A Compelling Case for Hiring Someone on the Autism Spectrum
Neurodiversity can be a valuable asset to an organization
This article was originally published by Crain's Chicago Business on April 15, 2016.
By Sarah C. Bauer and Willemien Kets
Employers are increasingly recognizing the potential of individuals with autism—AT&T, Microsoft and the Israeli Army, to name a few. Several companies recently announced the 5,000 Initiative: Autism in Tech Workforce, a national campaign with the aim of employing 5,000 people on the autism spectrum in technology positions by 2020.
Our research and clinical experience suggest that this may only be the start. Indeed, people with autism have unique qualities, including heightened visual perception skills and attention to detail, that can be of great value to employers, especially in fields where innovation is key.
PayPal founder and venture capitalist Peter Thiel has remarked that many of the more successful entrepreneurs "seem to be suffering from a mild form of Asperger's where it's like you're missing the imitation, socialization gene” and that Asperger's “happens to be a plus for innovation and creating great companies,” as people who are less sensitive to social cues may be less prone to social conventions.
That individuals with autism spectrum disorder may be less conformist than their peers is consistent with recent research.
With colleagues at Northwestern University's Kellogg School of Management, we presented more than 1,100 people with a questionnaire that asked for their opinions on things like how they felt about a vacation at Disney World. The catch? Participants, who represented a cross-section of the general population, were also told how other subjects had responded.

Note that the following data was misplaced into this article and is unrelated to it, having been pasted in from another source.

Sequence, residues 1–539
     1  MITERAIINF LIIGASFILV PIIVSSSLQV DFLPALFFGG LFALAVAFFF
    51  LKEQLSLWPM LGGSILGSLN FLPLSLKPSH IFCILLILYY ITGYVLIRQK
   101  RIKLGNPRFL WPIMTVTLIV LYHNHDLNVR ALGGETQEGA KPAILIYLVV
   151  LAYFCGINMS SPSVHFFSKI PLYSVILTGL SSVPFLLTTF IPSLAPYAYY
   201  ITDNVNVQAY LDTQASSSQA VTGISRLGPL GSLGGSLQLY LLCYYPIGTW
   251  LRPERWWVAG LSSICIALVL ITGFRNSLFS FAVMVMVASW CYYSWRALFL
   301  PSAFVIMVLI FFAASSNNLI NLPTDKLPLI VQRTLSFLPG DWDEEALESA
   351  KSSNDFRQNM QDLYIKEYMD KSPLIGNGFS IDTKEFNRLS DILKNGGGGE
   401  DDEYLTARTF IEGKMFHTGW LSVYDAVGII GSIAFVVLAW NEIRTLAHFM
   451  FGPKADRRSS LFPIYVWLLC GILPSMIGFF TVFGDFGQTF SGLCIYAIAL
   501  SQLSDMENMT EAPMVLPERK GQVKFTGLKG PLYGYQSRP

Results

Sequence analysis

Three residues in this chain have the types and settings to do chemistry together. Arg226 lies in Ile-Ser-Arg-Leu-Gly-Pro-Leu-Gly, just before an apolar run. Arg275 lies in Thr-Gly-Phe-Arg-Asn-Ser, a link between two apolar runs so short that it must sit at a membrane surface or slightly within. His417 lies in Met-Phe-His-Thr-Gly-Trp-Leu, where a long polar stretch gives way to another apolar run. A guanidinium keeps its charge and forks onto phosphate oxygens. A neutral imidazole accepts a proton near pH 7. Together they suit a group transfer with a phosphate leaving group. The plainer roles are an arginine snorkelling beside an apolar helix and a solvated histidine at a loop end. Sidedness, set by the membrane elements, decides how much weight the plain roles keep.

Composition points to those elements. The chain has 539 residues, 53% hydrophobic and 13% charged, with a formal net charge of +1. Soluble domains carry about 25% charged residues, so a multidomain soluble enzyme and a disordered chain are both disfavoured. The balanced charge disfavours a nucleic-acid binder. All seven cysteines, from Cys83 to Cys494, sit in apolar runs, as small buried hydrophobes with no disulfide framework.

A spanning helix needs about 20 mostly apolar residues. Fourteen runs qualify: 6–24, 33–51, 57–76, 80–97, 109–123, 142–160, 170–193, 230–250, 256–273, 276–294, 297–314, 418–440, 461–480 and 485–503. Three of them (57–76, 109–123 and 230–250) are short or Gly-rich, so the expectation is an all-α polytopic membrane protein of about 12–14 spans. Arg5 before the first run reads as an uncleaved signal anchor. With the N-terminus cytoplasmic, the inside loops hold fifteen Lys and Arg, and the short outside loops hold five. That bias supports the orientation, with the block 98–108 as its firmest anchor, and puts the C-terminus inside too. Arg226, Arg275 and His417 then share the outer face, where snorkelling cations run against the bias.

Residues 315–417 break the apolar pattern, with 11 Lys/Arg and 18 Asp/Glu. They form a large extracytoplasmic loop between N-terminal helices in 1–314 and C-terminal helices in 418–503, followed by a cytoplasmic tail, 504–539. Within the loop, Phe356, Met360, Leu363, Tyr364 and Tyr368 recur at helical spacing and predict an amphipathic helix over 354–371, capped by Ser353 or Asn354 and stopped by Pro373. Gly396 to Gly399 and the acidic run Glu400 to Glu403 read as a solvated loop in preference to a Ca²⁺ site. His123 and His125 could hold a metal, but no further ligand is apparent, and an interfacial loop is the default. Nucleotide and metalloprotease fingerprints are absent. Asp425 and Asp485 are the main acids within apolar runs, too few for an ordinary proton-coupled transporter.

Participants who scored higher on traits that are generally associated with autism spectrum disorder tended to be less conformist in their responses: Those who find it difficult to take another person's perspective are more likely to choose a response that differs from the majority.
This can be of great value. After all, the majority may get it wrong, as was the case with the mortgage crisis in 2008. Many experts were blindsided by the sudden collapse of the subprime market. However, hedge fund manager Michael Burry, played by Christian Bale in the film "The Big Short," correctly forecast a collapse as early as 2007.
Burry has autism spectrum disorder. He has said it explains, at least in part, how he was able to persist in betting against the subprime market, even when major investors wanted to pull their money from his fund. Burry and his fund profited accordingly.
At the same time, harnessing these strengths can be challenging. While those with autism may have a lot to offer employers, a seamless transition into the workforce is not guaranteed. Most work environments involve complex social dynamics that require understanding other people's perspectives and also nonverbal communication—both of which are challenging to various degrees for individuals with autism.
Undoubtedly, as businesses begin to see the value that neurodiversity can bring to their organizations, more effort will be invested into understanding what can help such individuals thrive in the workplace.
- Sarah C. Bauer is a developmental pediatrician at Ann & Robert H. Lurie Children's Hospital of Chicago and assistant professor of pediatrics at Northwestern's Feinberg School of Medicine. Willemien Kets is an assistant professor of managerial economics and decision sciences at Northwestern University's Kellogg School of Management. They are fellows in the OpEd Project's NU Public Voices Fellowship.